Several commenters ask that NCUA provide guidance to credit unions currently holding exchangeable CMOs that fail the requirements in the proposed rule, preferring that NCUA allow credit unions to continue holding Start Printed Page 39830these CMOs. One of these commenters also noted that in 1993 NCUA indicated some CMOs created from SMBS might be permissible. See 58 FR 34868 (June 30, 1993) (“The NCUA Board notes that recently some CMOs and REMICs have been created from stripped mortgage-backed securities. These instruments are permitted if they can pass the high-risk security tests.”) This 1993 statement has lead the commenter to believe that there is no regulatory prohibition on CMOs containing strips.

As stated above, the Board believes that few, if any, existing exchangeable CMOs will fail the conditions established in this final rule. Any CMOs that do fail the conditions should be processed under the FCU's investment policies or, for corporate credit unions, under an Investment Action Plan. 12 CFR 703.3(j), 704.10. While the NCUA recognized in 1993 that some CMOs had been created from SMBS and that they might be permissible if they passed the high-risk securities test (HRST), any CMO that had substantially the same risk characteristics as the underlying SMBS would likely have failed the HRST. NCUA regulations no longer require HRS testing. To ensure that credit unions do not hold exchangeable CMOs with significant risks from the underlying SMBS, those CMOs must satisfy the conditions provided in this final rule.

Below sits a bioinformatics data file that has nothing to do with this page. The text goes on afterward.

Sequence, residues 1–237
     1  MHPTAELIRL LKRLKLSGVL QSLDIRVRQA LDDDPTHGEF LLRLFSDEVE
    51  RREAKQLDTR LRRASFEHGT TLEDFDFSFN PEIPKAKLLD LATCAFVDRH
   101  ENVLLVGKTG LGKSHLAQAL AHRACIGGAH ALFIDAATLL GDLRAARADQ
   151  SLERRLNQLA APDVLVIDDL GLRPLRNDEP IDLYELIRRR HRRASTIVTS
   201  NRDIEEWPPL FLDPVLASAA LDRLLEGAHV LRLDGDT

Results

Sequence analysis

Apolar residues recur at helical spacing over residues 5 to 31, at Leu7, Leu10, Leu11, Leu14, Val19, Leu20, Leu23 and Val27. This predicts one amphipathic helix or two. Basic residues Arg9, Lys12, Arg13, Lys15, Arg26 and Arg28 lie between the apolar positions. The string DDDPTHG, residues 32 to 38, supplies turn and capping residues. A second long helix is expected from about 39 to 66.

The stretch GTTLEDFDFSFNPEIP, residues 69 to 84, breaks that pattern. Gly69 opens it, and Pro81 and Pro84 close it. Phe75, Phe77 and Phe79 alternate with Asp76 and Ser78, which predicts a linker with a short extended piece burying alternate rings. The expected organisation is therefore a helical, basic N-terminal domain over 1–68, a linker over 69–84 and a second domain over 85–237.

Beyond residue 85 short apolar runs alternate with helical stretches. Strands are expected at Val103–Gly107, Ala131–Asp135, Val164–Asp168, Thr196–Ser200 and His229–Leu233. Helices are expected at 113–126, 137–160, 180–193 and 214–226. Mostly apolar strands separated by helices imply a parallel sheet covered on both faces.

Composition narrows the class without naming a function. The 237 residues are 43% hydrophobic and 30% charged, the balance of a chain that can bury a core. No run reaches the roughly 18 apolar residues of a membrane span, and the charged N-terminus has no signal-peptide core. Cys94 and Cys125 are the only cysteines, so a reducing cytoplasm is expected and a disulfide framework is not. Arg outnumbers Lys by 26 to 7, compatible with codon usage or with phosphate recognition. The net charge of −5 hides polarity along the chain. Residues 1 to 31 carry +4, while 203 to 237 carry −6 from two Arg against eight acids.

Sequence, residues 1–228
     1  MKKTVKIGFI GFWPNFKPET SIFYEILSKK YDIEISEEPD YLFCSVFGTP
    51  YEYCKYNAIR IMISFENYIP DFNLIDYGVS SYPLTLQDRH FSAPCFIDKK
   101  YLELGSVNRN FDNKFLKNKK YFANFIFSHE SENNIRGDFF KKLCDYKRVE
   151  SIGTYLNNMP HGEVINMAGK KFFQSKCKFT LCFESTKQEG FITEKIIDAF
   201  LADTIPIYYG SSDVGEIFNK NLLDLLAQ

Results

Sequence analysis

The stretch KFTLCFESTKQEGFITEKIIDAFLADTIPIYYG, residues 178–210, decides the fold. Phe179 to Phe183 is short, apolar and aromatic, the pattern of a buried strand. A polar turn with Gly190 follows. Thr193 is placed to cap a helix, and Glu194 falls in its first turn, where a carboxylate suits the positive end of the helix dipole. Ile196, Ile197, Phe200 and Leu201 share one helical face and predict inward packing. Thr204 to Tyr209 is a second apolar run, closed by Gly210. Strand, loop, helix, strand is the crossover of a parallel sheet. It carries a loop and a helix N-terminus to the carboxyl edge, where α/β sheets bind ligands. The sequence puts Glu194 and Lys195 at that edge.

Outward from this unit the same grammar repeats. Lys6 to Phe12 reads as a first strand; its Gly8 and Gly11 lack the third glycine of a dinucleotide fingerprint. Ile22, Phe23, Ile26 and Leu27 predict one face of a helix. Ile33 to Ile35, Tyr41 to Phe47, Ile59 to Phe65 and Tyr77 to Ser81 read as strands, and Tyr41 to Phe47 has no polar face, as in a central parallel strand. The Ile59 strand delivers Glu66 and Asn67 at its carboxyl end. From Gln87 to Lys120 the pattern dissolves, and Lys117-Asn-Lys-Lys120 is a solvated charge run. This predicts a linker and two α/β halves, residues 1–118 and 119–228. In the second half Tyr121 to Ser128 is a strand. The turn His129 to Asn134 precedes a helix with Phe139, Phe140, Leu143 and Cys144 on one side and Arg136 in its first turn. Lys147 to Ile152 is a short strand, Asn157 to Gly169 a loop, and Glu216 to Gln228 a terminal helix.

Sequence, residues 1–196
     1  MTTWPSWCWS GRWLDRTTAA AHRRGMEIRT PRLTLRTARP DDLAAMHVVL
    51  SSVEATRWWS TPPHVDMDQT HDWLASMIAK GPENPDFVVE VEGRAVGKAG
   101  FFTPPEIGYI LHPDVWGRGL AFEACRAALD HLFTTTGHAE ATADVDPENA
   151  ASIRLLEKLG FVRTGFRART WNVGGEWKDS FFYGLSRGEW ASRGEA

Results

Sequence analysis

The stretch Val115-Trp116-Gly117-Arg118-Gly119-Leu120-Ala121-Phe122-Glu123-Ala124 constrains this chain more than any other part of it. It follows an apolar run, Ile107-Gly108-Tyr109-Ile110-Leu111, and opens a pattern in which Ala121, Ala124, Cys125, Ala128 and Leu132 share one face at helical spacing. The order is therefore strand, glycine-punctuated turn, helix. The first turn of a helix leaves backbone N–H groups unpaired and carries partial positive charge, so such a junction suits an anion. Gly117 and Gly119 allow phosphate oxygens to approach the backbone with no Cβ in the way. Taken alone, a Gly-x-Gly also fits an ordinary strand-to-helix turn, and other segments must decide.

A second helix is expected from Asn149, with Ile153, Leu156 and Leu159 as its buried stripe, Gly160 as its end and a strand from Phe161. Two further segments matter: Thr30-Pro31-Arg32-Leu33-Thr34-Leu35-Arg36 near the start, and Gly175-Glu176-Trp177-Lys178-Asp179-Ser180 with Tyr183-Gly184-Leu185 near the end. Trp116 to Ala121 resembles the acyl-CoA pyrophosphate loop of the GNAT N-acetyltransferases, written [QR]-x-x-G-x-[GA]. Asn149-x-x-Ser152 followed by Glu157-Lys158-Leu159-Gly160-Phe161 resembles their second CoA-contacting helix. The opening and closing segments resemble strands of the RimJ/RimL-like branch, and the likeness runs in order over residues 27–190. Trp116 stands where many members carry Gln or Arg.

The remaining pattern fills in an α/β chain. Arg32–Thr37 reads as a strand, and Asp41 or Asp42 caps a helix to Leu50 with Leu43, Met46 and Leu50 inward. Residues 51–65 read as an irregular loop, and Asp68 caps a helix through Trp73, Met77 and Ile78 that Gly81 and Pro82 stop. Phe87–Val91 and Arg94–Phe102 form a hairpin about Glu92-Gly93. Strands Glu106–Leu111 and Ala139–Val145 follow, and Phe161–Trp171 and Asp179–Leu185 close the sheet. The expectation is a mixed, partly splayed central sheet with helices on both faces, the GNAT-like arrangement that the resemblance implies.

One corporate credit union commenter is particularly concerned about the effect of the rule on repurchase transactions. FCUs and corporate credit unions may only accept as repurchase assets those assets in which they can invest directly, and this commenter believes it will be difficult to identify and cull out impermissible exchangeable CMOs. 12 CFR 703.13(c)(1), 704.5(d)(2). The commenter states that, since credit unions are a small portion of the repurchase market, it is improbable that repurchase custodians will restrict repurchase assets to those CMOs qualifying under this proposal. Given the speed and volume of repurchase transactions, the commenter believes it would be onerous for a credit union to review each CMO that is part of the repurchase transaction to ensure it complies with this proposal.